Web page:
stone, and better yet Doe says I will make a sample flying frog from
your material, then I am sure beyong reasonable doubt that I am
making a sound purchase. That is why I keep coming back to Orchid
with this topic. I am trying to “hire a robot”.

In all this time not one person out of 13,000 on Orchid has said, I
use the CNC machine regularly in my business with stone and I will
tell you about some of my experiences. Thus I conclude that this is
new and that those videos we see are mainly sellers’ demos.

One final point on your reply re “custom making” as my goal. That is
not the case. The original artists do the custom making in wood or
clay. I cannot expect them to do it as CAD on screen because they are
not that kind of artist. I want to then scan and replicate
(preferably with a software option to enlarge or make smaller) by CNC
machine. There are reasons other than commercial reasons for this.
Remember the story of Quianlong’s giant jade bowl? He had it hand
replicated which also gives some protection against theft or breakage
of the original.


#5
The technical advice you gave corresponds more or less to the
stages we see in the video of the Carso lathe carving a bust over
8.5 hours. They describe four stages. If we had some peanut butter
we could make some peanut butter and jelly sandwiches if we had
some jelly. 

Peter, you’re dreaming - I think most here understand that, which is
why only Andrew Werby, a real expert, bothers to reply here. I think
it’s useful info for many, is why I post. First some links:

http://www.ganoksin.com/gnkurl/ep7zpb
http://www.ganoksin.com/gnkurl/ep7zpc

Nephrite
http://www.ganoksin.com/gnkurl/ep7zpd

Also nephrite http://www.ganoksin.com/gnkurl/18w

The fluted top is nephrite http://www.ganoksin.com/gnkurl/ep7zpe

All of those were carved by me, and there’s some other pieces in
there I didn’t link to. I didn’t use a computer because ~no such
thing exists~. No such thing exists because it’s not necessary and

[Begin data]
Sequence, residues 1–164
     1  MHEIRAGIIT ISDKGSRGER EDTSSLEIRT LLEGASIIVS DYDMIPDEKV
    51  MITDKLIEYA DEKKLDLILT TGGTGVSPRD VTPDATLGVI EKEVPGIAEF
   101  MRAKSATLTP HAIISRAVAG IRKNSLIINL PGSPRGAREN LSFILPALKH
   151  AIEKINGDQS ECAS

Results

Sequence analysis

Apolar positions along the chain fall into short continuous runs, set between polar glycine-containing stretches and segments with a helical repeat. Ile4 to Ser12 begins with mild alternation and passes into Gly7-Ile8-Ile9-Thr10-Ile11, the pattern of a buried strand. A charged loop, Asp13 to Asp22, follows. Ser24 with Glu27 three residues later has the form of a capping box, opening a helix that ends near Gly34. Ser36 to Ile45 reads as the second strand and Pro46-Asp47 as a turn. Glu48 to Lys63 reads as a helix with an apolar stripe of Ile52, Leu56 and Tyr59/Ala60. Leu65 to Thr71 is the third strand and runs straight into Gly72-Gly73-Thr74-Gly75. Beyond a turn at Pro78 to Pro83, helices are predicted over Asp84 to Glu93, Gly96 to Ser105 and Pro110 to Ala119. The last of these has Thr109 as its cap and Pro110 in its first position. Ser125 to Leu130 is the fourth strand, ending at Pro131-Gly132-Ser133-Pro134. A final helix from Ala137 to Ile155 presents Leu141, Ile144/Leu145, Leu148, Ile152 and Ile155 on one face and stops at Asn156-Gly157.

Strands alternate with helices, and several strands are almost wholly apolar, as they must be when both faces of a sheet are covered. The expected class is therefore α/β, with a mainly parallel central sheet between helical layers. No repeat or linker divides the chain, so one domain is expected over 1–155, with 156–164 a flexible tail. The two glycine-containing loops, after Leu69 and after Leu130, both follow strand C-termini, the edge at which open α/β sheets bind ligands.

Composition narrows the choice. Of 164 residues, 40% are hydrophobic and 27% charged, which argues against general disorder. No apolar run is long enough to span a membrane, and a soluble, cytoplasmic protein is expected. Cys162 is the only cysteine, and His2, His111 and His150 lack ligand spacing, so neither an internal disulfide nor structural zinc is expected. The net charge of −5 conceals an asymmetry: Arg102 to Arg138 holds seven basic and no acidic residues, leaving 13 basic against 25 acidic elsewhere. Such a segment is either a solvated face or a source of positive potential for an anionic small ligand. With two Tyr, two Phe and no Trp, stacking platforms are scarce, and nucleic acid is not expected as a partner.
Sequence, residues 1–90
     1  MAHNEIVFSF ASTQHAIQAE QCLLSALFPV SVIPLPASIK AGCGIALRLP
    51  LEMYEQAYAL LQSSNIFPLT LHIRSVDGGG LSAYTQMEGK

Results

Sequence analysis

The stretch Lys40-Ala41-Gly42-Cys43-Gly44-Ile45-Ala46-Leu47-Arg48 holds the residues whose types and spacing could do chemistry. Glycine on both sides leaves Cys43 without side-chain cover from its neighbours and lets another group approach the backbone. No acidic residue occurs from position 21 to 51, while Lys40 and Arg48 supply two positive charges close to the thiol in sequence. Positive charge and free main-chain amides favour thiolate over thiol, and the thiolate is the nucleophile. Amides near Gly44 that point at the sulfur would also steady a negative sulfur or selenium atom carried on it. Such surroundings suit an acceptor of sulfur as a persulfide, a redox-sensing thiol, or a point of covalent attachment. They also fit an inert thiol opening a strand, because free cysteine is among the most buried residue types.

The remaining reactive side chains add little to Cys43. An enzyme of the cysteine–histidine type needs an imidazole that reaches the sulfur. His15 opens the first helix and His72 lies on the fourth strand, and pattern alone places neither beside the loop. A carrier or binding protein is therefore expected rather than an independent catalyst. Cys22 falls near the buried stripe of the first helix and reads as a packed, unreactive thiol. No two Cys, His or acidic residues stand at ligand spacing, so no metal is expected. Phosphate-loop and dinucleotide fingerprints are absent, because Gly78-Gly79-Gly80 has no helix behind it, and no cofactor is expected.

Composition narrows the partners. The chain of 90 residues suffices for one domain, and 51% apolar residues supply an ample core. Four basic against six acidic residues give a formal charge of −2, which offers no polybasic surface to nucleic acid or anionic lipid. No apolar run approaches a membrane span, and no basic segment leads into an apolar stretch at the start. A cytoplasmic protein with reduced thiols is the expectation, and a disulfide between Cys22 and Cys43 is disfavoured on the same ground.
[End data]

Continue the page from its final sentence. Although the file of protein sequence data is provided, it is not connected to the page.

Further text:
would be prohibitively expensive if somebody wanted it to make jade
trinkets. And I purposely pasted your quote about the Carso lathe
because you want to cling to that as though it actually means
something.

I’ll say it for the tenth time - marble is not jade, jade is not
marble. Marble is ridiculously easy to cut, which is why people have
done it over the centuries. Sculptors use steel chisels when
appropriate.

You actually CAN carve marble with steel or carbide rotary tools,
it’s just not appropriate. But it can be done. With nephrite it’s
just flat out impossible, which means that your lathe analogy is
utterly meaningless. Stop using it, it’s a dream. I’ll add two more
bricks to the pile, too. Robots are used for many things, but the two
most common uses I am aware of are pick-and-place and robotic
welding, which is big in the auto industry. Those robots are not
robust enough to put machining tools on the tips by a factor of
probably 1000. Put a real load on them and they will just cave and
flex. The other brick is that one pass of the carving tool is going
to remove .0001 (a ten thousandth) of material. That is fixed, it
can’t be changed for a given abrasive. So your robust robot also has
to be high-precision. And that high precision, robust robot needs to
mounted on uneven gound in the field and we haven’t even talked
about a power source. My guess, just a guess, is that you’re looking
at a million dollars and I’m not evensure it IS possible in any real
way. Sorry…